For example, “Well, sometimes you are boring. Sometimes you really are boring.” What do you do? You hear that. If you don't know how to respond, you just stay as the gray rock and you consider it and you pray and you wonder, how could I respond to that? Well, perhaps at the moment or a day later or a week later, you say, “Okay, here's what I want to do. I don't want to be boring, so every once in a while I'm going to stop when I'm talking or you stop me and let's make this interesting. You can ask some questions, for example.” It's trying to ask the other person to help you in some way. That's language they probably will be able to hear. Another person asked for this: “I've been thinking about our relationship together…” And we always want to grow. That's just who we are. That's what we want to do. That's the nature of relationships. “I would like to institute a question of the day. One day I can ask a question and one day you can ask a question. And you're right, yes, I have thought about a question for the day,” and then you offer a question. Here's a question that somebody asked, it's not the first question you would ask, but it's a good one: “What are ways that your fears emerge? What are ways that your fears come out?” Or perhaps you can introduce it with, “Here's the way of humanity. All of us experience fears. What are the ways? You never speak about your fears, but you, you're like the rest of us. What are ways your fears are experienced? Now, the person might not have an answer to that, in which case you come back in two days and you ask another question.

Third, you ask the person for help. “I need your help on something. I need your help.” That is an invitational question. Here's a person who thinks they have skills that they can offer to other people. :I need your help” and perhaps they might be all ears on this. “Could you help me to think of some ideas that would grow our relationship together? I've been thinking about that question and I would like to be able to think more creatively. Could you help me to think about this?”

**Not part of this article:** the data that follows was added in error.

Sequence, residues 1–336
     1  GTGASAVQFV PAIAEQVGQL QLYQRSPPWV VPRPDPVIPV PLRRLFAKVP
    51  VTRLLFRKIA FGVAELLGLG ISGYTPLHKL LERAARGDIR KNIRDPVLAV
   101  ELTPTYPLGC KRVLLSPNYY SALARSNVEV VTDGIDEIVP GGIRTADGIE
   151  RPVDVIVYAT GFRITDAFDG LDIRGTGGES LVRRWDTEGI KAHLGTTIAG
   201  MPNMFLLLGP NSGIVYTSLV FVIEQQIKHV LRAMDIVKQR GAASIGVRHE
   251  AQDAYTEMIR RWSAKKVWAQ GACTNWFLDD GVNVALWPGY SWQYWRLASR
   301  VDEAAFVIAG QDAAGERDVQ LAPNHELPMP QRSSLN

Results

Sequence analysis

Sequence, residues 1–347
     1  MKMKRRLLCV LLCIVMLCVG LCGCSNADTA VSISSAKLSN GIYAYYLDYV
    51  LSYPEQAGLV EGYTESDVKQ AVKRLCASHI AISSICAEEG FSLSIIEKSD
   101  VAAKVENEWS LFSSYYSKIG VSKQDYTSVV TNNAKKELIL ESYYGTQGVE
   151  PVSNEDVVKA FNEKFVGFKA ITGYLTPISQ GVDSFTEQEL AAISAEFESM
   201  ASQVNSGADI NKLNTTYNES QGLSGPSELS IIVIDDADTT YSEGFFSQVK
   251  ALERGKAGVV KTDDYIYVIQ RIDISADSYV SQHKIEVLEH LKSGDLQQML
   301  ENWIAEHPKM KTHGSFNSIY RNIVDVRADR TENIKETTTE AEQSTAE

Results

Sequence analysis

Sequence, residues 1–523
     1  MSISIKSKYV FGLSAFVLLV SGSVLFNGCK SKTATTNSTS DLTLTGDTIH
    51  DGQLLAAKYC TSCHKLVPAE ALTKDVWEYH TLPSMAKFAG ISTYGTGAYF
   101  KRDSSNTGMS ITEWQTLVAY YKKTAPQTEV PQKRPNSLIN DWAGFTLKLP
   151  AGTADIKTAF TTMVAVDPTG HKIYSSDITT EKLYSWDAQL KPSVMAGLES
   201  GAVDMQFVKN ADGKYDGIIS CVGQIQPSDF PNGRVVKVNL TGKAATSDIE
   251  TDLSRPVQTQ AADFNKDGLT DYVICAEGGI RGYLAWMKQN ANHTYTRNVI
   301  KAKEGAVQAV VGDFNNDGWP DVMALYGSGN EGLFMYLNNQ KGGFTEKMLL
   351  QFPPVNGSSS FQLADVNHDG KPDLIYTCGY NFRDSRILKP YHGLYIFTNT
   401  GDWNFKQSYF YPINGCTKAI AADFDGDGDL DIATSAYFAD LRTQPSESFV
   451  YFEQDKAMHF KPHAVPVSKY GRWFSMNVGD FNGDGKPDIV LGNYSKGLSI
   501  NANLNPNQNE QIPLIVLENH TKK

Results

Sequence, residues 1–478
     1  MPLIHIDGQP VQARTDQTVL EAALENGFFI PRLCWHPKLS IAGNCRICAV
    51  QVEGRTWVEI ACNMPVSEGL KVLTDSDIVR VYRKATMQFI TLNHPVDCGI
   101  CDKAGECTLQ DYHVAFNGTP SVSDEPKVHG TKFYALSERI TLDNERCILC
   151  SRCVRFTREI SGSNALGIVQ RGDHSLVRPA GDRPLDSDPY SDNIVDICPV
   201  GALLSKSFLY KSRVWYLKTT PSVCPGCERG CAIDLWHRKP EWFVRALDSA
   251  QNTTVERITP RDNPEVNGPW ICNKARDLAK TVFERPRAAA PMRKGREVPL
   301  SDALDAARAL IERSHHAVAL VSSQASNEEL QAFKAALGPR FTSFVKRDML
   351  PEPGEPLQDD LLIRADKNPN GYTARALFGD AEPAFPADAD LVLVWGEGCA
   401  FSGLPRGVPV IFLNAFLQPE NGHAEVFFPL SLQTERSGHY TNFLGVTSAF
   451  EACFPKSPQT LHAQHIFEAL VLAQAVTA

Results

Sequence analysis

One other, and sometimes this will go poorly, but I've known when it's gone well, an invitation again, a good thing for every relationship is since we want to grow, we get help from other people. It's a can't-miss proposition. “Here's what I was thinking. For us to simply ask for help, such as…” and then you can have a list of things. It could be some friends you have. You would ask them to pray for you. That would be one way to get help. You ask for them to pray specific ways, and then you recognize that relationships don't move forward in our own cleverness or in our own skillfulness in the way we invite and ask questions.

And when your questions and your invitations, when they fall flat, what do you do? You pray and you ask for help. Perhaps you ask your spouse for help. “I have been working to try to have a conversation that would be a pleasure for both of us, and sometimes it's hard. Your turn. I've been thinking about this. I am running out of ideas. What do you think would be helped? What would be something you would enjoy speaking about together?” When you try that and you go back and you ask for mercy, you read books, you go online, you see what other people have done. You become a learner yourself, and you do what is prized in the Christian life. You persevere. You persevere in love.